The highest Bahraini appellate court on Monday upheld the convictions of 13 prominent pro-democracy protestors convicted by military tribunal in 2011 on charges [charges, PDF] of plotting to overthrow the monarchy. Bahrain's Court of Cassation rejected the appeals [AFP report] of the 13 activists, all part of a group of 20 [BYSHR profiles, PDF] convicted by the military National Safety Courts after taking part in Bahrain's 2011 anti-government protests. The seven who did not appeal were convicted in absentia because they were out of the country or in hiding. Of the 20 convicts eight received life sentences [JURIST report], including human rights activist Abdulhadi al-Khawaja [BBC profile; JURIST news archive], who last year demonstrated against his and the other convictions with a 110-day hunger strike [JURIST report]. The ruling of the Court of Cassation is final and cannot be further appealed.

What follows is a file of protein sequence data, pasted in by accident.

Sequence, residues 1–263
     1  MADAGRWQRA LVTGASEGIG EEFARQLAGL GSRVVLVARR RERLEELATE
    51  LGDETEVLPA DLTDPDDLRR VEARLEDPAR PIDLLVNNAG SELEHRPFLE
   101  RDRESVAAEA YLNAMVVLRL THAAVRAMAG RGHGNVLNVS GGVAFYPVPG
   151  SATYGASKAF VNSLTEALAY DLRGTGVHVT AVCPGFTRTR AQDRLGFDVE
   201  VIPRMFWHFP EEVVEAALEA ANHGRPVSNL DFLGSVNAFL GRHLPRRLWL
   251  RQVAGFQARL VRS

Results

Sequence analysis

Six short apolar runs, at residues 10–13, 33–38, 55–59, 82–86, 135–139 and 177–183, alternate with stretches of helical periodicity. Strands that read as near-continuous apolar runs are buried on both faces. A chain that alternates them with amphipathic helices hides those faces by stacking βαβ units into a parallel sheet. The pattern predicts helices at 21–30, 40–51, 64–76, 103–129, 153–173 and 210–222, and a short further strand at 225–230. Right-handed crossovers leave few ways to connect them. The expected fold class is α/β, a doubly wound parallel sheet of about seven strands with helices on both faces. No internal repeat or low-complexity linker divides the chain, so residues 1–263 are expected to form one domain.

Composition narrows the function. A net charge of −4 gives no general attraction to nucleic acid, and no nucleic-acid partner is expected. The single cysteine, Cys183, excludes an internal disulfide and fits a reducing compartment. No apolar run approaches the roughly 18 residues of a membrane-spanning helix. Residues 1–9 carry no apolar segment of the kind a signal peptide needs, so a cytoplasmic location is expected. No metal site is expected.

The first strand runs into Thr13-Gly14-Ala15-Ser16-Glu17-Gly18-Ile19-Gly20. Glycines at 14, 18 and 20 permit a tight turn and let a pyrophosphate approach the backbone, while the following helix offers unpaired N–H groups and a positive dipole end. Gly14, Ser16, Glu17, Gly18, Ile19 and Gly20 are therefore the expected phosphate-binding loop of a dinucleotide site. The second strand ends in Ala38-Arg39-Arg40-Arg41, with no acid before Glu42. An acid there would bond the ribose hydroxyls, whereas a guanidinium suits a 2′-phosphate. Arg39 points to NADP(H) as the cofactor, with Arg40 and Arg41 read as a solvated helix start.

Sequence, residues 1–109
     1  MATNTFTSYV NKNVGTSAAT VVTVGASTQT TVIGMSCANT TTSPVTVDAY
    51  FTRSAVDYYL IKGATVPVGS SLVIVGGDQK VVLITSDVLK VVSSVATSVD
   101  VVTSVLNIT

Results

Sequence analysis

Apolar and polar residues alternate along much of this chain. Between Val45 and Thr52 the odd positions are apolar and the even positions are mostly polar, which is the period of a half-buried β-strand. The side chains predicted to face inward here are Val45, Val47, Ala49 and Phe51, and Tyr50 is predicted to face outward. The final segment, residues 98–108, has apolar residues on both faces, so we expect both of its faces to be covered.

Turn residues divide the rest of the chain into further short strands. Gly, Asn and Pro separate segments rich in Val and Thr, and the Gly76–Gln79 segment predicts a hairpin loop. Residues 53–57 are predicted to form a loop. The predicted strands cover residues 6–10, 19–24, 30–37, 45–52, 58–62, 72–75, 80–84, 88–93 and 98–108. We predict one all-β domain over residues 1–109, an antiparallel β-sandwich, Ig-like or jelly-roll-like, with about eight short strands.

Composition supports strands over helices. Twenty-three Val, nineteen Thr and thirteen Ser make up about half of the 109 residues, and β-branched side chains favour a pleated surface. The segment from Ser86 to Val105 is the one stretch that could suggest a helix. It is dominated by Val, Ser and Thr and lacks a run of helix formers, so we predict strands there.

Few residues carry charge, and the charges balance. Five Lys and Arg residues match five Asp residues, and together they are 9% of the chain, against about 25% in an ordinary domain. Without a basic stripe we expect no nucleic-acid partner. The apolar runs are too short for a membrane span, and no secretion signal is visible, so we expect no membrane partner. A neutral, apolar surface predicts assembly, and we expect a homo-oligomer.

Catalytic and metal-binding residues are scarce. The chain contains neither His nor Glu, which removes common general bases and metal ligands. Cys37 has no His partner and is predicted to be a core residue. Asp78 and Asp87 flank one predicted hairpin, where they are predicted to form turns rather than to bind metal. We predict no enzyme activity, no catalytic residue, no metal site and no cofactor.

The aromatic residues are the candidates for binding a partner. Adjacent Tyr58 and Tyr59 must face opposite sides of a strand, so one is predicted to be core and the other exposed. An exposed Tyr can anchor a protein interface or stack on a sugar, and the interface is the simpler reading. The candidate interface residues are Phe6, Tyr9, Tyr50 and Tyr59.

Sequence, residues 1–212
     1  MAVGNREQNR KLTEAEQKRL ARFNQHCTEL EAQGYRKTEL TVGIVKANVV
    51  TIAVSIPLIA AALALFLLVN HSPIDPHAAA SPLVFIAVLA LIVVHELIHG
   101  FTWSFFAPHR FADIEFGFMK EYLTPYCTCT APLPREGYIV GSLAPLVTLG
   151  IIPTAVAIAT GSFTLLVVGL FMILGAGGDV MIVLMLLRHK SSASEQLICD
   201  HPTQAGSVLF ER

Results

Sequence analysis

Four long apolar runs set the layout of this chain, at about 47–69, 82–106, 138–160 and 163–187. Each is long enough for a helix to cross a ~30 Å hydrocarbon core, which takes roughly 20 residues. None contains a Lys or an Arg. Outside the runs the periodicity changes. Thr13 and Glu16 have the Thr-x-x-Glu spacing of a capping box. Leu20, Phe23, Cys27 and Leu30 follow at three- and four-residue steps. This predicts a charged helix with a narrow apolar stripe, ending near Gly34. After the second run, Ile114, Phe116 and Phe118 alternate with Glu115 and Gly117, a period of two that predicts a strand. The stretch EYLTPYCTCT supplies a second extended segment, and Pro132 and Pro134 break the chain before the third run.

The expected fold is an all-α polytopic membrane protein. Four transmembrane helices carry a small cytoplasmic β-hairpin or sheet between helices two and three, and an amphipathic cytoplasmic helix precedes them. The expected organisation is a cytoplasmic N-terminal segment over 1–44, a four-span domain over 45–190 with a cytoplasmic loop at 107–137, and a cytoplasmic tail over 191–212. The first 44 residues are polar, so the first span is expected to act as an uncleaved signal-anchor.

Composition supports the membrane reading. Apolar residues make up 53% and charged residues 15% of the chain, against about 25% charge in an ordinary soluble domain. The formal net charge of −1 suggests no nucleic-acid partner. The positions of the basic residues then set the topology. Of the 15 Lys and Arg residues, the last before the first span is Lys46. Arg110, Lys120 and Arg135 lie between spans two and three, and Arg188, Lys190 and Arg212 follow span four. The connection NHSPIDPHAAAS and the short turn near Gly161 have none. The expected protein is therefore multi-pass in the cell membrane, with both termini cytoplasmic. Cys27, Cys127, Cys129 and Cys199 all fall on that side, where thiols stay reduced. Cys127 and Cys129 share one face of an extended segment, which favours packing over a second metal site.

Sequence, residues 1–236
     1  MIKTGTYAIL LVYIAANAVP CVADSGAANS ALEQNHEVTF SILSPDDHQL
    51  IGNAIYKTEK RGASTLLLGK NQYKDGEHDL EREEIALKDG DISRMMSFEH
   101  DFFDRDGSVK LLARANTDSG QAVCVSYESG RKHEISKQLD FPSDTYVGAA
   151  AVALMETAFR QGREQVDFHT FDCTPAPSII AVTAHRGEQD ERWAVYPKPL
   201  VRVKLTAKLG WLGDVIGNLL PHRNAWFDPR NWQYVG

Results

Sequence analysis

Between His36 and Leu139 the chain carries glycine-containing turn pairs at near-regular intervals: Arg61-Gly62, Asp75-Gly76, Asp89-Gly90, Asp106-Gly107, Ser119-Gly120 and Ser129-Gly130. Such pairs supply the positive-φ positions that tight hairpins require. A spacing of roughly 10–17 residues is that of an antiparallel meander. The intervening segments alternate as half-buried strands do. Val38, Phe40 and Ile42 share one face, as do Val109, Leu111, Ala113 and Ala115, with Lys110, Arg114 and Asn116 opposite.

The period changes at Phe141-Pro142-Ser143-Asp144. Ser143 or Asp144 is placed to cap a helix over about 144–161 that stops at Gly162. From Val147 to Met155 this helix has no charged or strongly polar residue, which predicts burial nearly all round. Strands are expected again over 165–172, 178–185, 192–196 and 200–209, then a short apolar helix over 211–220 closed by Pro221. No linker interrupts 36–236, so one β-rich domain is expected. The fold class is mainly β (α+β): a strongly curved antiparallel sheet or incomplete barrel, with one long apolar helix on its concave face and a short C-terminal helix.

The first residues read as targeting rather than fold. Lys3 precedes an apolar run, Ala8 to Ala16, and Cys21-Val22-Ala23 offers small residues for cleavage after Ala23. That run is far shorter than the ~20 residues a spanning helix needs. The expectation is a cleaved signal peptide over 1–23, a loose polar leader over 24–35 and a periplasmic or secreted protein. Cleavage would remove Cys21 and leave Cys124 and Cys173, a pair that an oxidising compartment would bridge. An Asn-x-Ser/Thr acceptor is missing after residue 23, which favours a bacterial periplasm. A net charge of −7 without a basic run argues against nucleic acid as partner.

The National Safety Courts, special military tribunals, were instituted in March 2011 under King Hamad bin Isa al-Khalifa's [official profile] three-month state of emergency [JURIST report] and have been internationally criticized, especially by human rights groups [JURIST report] such as Human Rights Watch (HRW) [advocacy website]. In May HRW urged Bahrain to release the remaining prisoners [JURIST report] because the trial violated international fair trial standards in that the convictions were based on apparently coerced confessions and the individuals were merely engaged in peaceful protest. In April a Bahrain appeals court ruled that al-Khawaja and the other protesters would be retried in civilian court [JURIST report], prompting the review by the Court of Cassation. Also in April Amnesty International (AI) issued its own report [JURIST report] alleging human rights violations continue in Bahrain despite reforms. Also that month, four independent UN human rights experts called for al-Khawaja's immediate release [JURIST report].